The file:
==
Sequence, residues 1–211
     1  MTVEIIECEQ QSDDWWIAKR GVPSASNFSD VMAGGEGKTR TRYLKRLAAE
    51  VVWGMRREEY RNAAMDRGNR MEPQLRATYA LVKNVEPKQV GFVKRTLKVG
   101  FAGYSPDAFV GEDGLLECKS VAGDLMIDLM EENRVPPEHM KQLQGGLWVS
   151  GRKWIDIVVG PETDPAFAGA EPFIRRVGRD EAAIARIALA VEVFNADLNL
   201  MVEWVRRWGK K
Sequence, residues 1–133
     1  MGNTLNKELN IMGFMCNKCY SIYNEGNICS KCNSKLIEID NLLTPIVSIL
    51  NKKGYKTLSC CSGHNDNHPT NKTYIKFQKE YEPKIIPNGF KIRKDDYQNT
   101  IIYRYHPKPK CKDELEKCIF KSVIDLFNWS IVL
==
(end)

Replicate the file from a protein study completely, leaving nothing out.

Sequence, residues 1–211
     1  MTVEIIECEQ QSDDWWIAKR GVPSASNFSD VMAGGEGKTR TRYLKRLAAE
    51  VVWGMRREEY RNAAMDRGNR MEPQLRATYA LVKNVEPKQV GFVKRTLKVG
   101  FAGYSPDAFV GEDGLLECKS VAGDLMIDLM EENRVPPEHM KQLQGGLWVS
   151  GRKWIDIVVG PETDPAFAGA EPFIRRVGRD EAAIARIALA VEVFNADLNL
   201  MVEWVRRWGK K
Sequence, residues 1–133
     1  MGNTLNKELN IMGFMCNKCY SIYNEGNICS KCNSKLIEID NLLTPIVSIL
    51  NKKGYKTLSC CSGHNDNHPT NKTYIKFQKE YEPKIIPNGF KIRKDDYQNT
   101  IIYRYHPKPK CKDELEKCIF KSVIDLFNWS IVL